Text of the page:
One of the most insightful descriptions of the liturgy which I have read is an excerpt from Von Hildebrand’s Liturgy and Personality: The Healing Power of Formal Prayer. In it, Von Hildebrand explains what the person’s response to the Liturgy ought to be. It is easy to think of all of the benefits that the Mass brings to our soul and to the world. And though these are true and our participation in Mass important, the Mass is not about us. The Mass is the sacrifice of Christ on Calvary being offered to God the Father for His glory and in atonement for our sins.
The Catholic Church holds a metaphysical realist philosophical position. Simply put, this means that the Church, along with many philosophers like Von Hildebrand, holds that there is a reality that is not made up by the mind and that man can know reality with his reason. The Church also recognizes that there is an order in creation instituted by God which leads each thing to its final end.
Catholic moral teaching is grounded on the assumption that man can know the order that God put in creation and with his reason know the proper response that is due to each thing; that is to say that man can know the demands that the order of being makes on him. This is precisely what natural law is: man’s participation, through reason, in the order that God instituted from the beginning of time. For example, when man encounters another man, he knows with his reason that the other man is like himself and deserves to be treated with human dignity. When man encounters an animal, he knows that he must be a steward of that animal, but that he does not owe the same respect to the animal as he does to another man.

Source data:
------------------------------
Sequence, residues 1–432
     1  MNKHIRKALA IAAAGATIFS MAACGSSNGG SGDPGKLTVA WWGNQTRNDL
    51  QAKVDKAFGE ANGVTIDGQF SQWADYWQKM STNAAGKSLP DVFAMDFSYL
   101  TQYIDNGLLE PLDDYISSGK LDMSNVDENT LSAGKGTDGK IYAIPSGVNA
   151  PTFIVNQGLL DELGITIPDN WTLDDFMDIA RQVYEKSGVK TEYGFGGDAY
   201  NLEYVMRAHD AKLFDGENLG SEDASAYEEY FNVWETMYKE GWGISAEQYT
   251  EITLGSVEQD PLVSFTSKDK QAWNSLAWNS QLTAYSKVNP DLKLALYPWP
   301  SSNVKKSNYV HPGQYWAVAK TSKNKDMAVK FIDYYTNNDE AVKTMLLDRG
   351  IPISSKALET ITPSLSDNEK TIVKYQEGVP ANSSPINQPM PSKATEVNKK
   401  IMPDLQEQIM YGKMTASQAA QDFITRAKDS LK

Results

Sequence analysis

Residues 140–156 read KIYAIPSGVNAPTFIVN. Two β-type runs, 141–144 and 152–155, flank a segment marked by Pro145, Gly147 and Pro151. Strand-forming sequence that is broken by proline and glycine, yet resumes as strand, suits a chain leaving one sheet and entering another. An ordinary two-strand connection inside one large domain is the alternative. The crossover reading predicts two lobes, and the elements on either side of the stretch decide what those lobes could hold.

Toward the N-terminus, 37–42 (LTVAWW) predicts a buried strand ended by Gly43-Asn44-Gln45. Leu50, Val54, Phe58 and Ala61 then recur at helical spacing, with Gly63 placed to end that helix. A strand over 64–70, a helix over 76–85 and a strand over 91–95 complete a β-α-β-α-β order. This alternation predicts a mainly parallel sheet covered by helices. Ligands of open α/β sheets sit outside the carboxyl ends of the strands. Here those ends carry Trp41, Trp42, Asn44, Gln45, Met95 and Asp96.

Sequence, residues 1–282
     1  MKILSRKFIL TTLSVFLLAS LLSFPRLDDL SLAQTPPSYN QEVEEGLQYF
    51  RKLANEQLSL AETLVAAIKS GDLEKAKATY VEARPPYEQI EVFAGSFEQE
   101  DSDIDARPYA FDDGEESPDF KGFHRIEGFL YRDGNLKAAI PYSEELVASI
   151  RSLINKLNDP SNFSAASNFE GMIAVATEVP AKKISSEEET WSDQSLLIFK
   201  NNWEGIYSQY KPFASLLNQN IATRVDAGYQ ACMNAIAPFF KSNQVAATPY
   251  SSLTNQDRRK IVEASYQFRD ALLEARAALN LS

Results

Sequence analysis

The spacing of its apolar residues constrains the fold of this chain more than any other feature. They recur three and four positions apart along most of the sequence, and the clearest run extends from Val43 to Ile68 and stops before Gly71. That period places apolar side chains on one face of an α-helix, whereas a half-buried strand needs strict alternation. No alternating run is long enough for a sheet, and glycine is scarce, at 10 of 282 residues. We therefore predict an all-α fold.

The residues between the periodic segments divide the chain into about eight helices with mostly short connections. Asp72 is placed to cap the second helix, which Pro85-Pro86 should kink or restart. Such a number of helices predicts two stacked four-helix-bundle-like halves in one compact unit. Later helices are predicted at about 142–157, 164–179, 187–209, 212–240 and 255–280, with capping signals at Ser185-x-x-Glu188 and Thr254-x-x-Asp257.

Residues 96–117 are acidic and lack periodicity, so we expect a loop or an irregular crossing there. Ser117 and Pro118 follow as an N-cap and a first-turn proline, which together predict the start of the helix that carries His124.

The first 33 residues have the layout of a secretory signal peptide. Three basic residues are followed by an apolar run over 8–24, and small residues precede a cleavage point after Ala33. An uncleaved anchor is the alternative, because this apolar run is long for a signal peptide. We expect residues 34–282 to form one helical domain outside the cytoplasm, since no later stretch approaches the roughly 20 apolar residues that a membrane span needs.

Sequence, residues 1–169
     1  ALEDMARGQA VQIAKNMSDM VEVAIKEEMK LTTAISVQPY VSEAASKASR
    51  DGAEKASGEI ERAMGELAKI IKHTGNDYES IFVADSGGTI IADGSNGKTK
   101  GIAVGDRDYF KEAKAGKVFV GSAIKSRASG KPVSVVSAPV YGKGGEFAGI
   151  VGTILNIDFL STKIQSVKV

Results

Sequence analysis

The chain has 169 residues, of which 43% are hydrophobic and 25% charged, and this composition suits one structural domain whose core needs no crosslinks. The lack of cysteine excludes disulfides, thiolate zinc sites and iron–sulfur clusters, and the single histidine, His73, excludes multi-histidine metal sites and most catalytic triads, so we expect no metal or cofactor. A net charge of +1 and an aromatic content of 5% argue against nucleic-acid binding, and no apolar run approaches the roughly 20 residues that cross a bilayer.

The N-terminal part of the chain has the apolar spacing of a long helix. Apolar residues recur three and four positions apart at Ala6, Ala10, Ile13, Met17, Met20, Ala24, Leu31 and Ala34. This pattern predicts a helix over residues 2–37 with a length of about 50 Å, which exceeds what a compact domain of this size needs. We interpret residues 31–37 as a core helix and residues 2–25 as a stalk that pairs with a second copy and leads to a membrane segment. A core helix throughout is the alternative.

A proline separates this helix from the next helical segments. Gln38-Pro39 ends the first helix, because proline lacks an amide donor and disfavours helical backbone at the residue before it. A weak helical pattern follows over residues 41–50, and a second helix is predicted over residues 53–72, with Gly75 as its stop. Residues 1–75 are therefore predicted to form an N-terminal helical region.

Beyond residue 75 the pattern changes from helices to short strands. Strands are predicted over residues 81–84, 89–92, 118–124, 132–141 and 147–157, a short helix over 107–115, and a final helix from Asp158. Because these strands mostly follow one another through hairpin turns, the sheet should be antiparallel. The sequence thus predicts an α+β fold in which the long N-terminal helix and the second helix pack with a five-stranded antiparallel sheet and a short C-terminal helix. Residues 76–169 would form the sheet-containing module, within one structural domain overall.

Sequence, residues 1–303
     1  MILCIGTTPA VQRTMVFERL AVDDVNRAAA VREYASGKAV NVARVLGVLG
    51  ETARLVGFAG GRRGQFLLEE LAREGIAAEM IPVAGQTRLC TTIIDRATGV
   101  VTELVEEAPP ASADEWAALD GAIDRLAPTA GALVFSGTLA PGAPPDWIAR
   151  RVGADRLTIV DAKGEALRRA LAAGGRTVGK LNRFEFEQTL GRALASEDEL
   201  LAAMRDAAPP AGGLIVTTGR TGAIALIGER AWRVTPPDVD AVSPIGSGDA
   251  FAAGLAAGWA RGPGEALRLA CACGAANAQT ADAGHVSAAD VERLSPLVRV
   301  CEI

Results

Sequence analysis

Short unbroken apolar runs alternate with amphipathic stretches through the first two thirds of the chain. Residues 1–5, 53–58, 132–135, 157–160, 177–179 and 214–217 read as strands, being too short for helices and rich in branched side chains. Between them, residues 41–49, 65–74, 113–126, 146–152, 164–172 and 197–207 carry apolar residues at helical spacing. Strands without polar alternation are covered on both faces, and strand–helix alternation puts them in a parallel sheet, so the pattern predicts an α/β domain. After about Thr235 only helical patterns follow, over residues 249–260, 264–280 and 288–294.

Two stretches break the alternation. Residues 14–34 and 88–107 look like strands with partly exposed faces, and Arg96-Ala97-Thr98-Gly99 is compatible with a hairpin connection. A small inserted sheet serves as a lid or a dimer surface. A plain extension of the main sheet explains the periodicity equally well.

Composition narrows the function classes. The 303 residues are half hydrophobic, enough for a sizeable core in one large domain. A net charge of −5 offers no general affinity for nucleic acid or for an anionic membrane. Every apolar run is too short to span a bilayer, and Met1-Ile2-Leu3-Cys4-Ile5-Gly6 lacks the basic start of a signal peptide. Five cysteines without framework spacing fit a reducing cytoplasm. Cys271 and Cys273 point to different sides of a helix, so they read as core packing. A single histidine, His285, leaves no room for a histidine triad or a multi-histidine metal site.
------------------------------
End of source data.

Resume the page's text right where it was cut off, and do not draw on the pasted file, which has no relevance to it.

When one attends Mass, one attends the greatest sacrifice in history. It is almost scandalous that God, the Uncaused Cause, the Unmoved Mover, the only Necessary Being, and He who is Existence Itself takes up our finite, limited, and lowly human nature out of love and lays down His life to pay our debt. At each Mass we are really taken out of time to Calvary itself.
In the book Liturgy and Personality, Von Hildebrand argues that the most important thing in this life is the Liturgy because in it we participate in the Beatific Vision. It is the only activity that will not pass away. Consistent with metaphysical realism and Catholic ethics, Von Hildebrand argues that at Mass we should strive to give a due response to what is objectively happening on the altar. The four ends of the Mass are worship, thanksgiving, atonement, and petition. Offering all four of these is precisely the due response of man as he encounters the Sacrifice of the Cross. The understanding of the immensity of the event leads us to thanksgiving. We respond to how great God is and how much He loves us with worship and awe. To the reality that it was our own sin that caused the need for such a sacrifice we respond with sorrow and atonement. And, to the reality of our own finite and limited existence, we respond with petition.
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